News*Home Page > Industry news > LED work light-Calculating an LED resistor value*

An **LED work light** must have a resistor connected in series to limit the current through the LED, otherwise it will burn out almost instantly.

The resistor value, R is given by:

R = (V_{S} - V_{L}) / I |

V_{S} = supply voltage

V_{L} = LED voltage (usually 2V, but 4V for blue and white LEDs)

I = LED current (e.g. 20mA), this must be less than the maximum permitted

If the calculated value is not available choose the nearest standard resistor value of **Led trouble lights** which is **greater**, so that the current will be a little less than you chose. In fact you may wish to choose a greater resistor value to reduce the current (to increase battery life for example) but this will make the LED less bright.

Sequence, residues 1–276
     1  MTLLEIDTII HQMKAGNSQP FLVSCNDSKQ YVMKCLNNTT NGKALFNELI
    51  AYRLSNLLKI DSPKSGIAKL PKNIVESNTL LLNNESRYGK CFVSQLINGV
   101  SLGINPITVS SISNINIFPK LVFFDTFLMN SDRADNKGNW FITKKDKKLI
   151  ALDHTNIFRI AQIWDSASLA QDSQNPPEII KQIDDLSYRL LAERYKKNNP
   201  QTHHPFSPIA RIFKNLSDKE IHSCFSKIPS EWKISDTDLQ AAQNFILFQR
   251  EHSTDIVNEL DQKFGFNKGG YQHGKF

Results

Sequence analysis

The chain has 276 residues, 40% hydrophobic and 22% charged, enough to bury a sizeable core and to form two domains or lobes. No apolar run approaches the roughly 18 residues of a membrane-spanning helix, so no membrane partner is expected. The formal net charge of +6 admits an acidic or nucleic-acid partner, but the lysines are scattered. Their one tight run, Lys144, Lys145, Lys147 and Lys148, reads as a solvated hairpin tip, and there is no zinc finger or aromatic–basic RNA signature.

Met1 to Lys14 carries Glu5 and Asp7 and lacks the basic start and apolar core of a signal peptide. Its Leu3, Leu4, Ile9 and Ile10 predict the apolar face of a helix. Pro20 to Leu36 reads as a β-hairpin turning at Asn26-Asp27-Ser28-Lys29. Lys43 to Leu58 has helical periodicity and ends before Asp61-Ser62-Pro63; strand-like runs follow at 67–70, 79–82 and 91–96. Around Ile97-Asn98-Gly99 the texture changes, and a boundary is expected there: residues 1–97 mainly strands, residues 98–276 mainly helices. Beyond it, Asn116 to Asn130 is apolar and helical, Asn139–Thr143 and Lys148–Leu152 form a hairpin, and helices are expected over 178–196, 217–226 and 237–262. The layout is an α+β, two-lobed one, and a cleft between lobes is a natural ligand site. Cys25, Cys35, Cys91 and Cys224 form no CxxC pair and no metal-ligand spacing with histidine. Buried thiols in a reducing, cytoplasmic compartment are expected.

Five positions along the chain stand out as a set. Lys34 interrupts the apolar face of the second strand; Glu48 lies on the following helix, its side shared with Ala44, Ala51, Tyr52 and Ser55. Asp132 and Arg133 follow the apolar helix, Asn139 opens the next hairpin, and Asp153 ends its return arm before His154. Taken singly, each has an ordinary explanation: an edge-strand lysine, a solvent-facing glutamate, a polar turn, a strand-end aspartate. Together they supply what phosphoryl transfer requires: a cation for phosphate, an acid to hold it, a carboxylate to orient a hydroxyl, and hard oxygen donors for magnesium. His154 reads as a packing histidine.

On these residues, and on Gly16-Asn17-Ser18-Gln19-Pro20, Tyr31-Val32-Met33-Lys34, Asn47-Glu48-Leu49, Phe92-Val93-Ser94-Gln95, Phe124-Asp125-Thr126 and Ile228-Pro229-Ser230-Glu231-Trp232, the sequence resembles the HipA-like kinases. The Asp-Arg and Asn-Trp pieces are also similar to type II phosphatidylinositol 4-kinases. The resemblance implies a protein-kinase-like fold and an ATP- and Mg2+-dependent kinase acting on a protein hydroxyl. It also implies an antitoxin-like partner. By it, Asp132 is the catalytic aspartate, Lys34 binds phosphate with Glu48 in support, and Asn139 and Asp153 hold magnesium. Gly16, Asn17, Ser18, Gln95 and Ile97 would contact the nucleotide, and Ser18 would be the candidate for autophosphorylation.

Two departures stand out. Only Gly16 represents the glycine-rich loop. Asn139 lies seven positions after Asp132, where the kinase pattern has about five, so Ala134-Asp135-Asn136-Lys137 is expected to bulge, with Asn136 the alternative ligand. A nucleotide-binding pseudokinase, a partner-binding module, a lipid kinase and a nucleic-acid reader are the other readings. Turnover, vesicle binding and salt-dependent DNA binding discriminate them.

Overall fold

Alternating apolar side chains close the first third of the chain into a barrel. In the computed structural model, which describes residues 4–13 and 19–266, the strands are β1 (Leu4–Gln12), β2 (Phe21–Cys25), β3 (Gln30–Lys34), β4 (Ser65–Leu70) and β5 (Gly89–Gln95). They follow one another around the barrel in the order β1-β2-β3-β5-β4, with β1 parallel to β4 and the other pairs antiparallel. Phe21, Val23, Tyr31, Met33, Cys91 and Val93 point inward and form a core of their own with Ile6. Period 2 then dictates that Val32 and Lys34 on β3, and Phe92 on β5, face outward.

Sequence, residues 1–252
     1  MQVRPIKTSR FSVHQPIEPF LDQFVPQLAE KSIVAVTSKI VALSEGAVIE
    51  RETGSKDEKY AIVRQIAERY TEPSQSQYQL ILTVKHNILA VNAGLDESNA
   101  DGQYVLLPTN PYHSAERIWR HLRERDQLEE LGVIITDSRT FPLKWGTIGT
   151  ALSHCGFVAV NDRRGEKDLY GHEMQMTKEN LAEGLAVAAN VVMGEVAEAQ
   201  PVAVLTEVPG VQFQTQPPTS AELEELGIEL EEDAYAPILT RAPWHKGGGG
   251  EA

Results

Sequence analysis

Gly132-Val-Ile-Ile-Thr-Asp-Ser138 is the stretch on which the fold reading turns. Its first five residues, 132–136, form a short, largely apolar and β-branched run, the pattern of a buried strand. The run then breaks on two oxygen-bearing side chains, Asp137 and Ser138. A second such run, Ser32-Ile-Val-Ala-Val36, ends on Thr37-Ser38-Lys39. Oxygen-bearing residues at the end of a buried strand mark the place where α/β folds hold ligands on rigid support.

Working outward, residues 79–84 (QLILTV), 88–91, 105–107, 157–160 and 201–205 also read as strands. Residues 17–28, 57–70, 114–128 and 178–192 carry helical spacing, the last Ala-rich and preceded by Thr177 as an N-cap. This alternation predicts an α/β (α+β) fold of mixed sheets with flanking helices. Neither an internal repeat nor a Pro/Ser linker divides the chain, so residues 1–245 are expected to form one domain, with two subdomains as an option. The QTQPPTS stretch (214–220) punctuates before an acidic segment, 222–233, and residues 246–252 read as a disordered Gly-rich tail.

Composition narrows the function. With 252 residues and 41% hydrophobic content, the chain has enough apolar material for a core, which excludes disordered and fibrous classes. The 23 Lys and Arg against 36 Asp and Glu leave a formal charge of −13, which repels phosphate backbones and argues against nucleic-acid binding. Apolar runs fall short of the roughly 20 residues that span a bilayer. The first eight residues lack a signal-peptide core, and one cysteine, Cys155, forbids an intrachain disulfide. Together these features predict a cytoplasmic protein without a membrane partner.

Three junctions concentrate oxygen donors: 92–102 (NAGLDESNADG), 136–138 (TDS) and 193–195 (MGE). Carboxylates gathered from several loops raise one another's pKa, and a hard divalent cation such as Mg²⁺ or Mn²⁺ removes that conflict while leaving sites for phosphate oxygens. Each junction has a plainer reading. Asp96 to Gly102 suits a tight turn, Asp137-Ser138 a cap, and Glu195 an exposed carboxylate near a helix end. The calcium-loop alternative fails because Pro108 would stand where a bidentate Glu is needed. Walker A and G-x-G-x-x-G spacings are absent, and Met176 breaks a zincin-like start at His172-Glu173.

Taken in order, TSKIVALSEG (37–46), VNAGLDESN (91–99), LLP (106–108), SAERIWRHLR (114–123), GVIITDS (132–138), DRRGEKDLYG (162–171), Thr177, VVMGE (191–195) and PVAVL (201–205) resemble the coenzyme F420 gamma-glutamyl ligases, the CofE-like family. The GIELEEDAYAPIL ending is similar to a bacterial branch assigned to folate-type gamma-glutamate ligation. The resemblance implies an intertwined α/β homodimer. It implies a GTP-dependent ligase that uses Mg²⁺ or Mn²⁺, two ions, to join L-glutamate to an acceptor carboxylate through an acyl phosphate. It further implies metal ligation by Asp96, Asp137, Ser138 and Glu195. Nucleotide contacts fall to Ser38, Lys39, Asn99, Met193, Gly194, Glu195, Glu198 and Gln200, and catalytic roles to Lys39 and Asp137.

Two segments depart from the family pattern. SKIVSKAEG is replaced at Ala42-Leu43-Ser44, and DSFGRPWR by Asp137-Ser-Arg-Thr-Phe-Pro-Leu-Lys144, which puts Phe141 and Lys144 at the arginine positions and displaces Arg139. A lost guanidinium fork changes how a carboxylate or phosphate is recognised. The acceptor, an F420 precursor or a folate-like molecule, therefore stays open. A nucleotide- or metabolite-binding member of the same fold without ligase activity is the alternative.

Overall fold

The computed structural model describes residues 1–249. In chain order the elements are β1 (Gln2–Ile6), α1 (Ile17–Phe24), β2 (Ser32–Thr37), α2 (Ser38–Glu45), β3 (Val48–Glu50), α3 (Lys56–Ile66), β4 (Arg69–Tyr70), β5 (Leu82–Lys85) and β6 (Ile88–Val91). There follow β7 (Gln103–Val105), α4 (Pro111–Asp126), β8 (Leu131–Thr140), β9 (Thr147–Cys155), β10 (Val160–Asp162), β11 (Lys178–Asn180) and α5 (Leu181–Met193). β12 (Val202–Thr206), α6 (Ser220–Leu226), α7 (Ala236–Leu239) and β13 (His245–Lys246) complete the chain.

For example

If the supply voltage V_{S} = 9V, and you have a red LED (V_{L} = 2V), requiring a current I = 20mA = 0.020A,

R = (9V - 2V) / 0.02A = 350, so choose 390 (the nearest standard value which is greater).

Working out the LED resistor formula using Ohm's law Ohm's law says that the resistance of the resistor, R = V/I, where:

V = voltage across the resistor (= V_{S} - V_{L} in this case)

I = the current through the resistor

So R = (V_{S} - V_{L}) / I